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Steps To Keeping And Maintaining Friends On Campus In the Middle Of A Pandemic

Staff Writer Maddie Goodman wants you to make friends without becoming a superspreader event.

For those students living in New York this semester, reconnecting with pre-COVID friends as well as making new COVID friends (I say affectionately), is delightful. Desperate for human connection after months of relying on split-second eye-contact encounters on the street as our main source of oxytocin, those of us back near campus have made eager efforts to return to normalcy by seeing friends in safe, socially distanced, outside settings. While Columbia provides its own set of COVID rules, it is rather limited in scope and quite frankly outlines the bare minimum: wear a mask, keep your distance, wash your hands, and limit suite capacity to ten people from the same dorm. In this era of limited interactions, good communication has become essential to make and maintain friendships, and as new adults, our communication skills are basically enduring a COVID bootcamp. In order to avoid sitting in a pool of your own anxiety, guilt, shame, fear or a toxic combination of all four, follow these steps! 

  1. Establish that you genuinely want to bless this person with your presence. In the middle of a pandemic, no more time for fake laughs and forced conversations, especially when you’re risking the propagation of a deadly virus! 
  2. Now that mutual consensus has been reached, time for…honesty! It’s tempting to quickly make seemingly low-risk plans with someone like grabbing coffee and taking it to Low, but this can ultimately lead to uncomfy moments, or even deceit. Before committing to eating or consuming anything with this person, activities which require masks be taken off, make sure you each understand the environments that you’re coming from by addressing some or all of these concerns: 
    1. Define each other’s living situation: Are you living with other people? People you know well? Do you have guests over? Does your living space have a mask policy for guests?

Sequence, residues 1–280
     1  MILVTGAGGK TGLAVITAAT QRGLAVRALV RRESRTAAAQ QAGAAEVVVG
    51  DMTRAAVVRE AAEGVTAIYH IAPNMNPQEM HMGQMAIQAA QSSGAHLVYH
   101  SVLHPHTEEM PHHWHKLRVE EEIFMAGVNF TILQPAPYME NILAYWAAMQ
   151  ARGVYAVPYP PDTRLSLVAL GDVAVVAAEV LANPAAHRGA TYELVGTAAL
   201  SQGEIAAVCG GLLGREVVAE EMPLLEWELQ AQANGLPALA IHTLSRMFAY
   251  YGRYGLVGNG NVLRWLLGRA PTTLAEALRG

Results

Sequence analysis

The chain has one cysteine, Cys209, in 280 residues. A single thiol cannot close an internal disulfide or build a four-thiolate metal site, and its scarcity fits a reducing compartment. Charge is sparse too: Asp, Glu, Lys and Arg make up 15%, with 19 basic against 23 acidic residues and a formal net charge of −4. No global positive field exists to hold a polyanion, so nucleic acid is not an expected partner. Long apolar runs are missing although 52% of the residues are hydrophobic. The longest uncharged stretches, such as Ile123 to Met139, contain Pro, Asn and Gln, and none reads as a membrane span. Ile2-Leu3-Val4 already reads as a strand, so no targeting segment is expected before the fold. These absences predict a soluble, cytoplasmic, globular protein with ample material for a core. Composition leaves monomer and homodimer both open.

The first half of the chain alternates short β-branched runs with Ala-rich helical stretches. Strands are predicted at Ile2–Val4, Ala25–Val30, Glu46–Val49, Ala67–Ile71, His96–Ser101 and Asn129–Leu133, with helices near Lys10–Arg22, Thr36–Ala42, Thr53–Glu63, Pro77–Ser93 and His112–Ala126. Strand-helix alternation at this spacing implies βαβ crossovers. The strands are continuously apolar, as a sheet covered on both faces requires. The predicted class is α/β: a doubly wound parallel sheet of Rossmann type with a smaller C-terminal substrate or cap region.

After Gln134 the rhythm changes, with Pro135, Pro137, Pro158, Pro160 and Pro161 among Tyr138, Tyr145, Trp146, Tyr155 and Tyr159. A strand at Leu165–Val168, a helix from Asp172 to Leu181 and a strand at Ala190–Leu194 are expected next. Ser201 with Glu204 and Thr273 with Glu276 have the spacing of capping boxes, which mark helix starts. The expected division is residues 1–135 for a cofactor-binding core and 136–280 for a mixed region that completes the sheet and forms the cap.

2. Talk about different social settings and the social risks you each have been comfortable taking or not taking. Afterall, while anyone with a soul would avoid a rager like the plague that it is right now, it’s quite plausible that your friend is spending time indoors, unmasked with different small groups multiple times a week. If planning on spending a lot of time with this person, ask: Have you been indoors unmasked with people whom you aren’t living with? If so how many?  If their answer is above what you yourself would be comfortable with, return to step 1.
    3. With COVID, the issue of public transport has become contentious, with those who can afford private transport choosing to do so and perhaps being wary of those who continue to use the subways or buses out of necessity. Rather than argue over right and wrong, simply ask and answer honestly: Are you taking public transportation? Do you feel that other Columbia students should be using public transportation? By asking these questions, you can avoid the incredibly awkward moment of learning that your friend believes no one should be taking the subway as you sit together eating dinner after having ridden the subway. 
  3. Now that you’ve both learned way too many details about the risks you each take in this new COVID world, it’s much easier to plan an activity that you’re confident won’t lead to either of you taking unwanted and unknown risks. Your friend takes the subway each day and you’re not comfortable with that? Go for a walk in the park together with masks on! You both live on campus, haven’t been taking public transport, and only see two people inside unmasked? Great, grab some takeout to eat on Low! 
  4. While making new or connecting with old friends is the first step in ensuring that your COVID winter will not be as lonely as you COVID summer, keeping and maintaining those healthy and safe connections requires continuous honesty! Did you do something out of your ordinary this week such as attend a protest, or forget to get your weekly COVID test? Be up-front with your friend you had plans with as they may want to change your activity or reschedule. 
  5. Let go of your judgements. There are those of us who take risks and make choices based purely on science and there are those of us who rationalise our behaviors from an emotional and intentional standpoint. In this unprecedented time, everyone’s behavior is full of contradictions, and confusions, so don’t judge your friend for taking the bus, especially if you had drinks at the bar this weekend. Instead, establish transparency in your communications, and choose to do what you yourself are comfortable doing. 

Instruction Sign Via Columbia University

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  • Ariana says:

    @Ariana Loved it!

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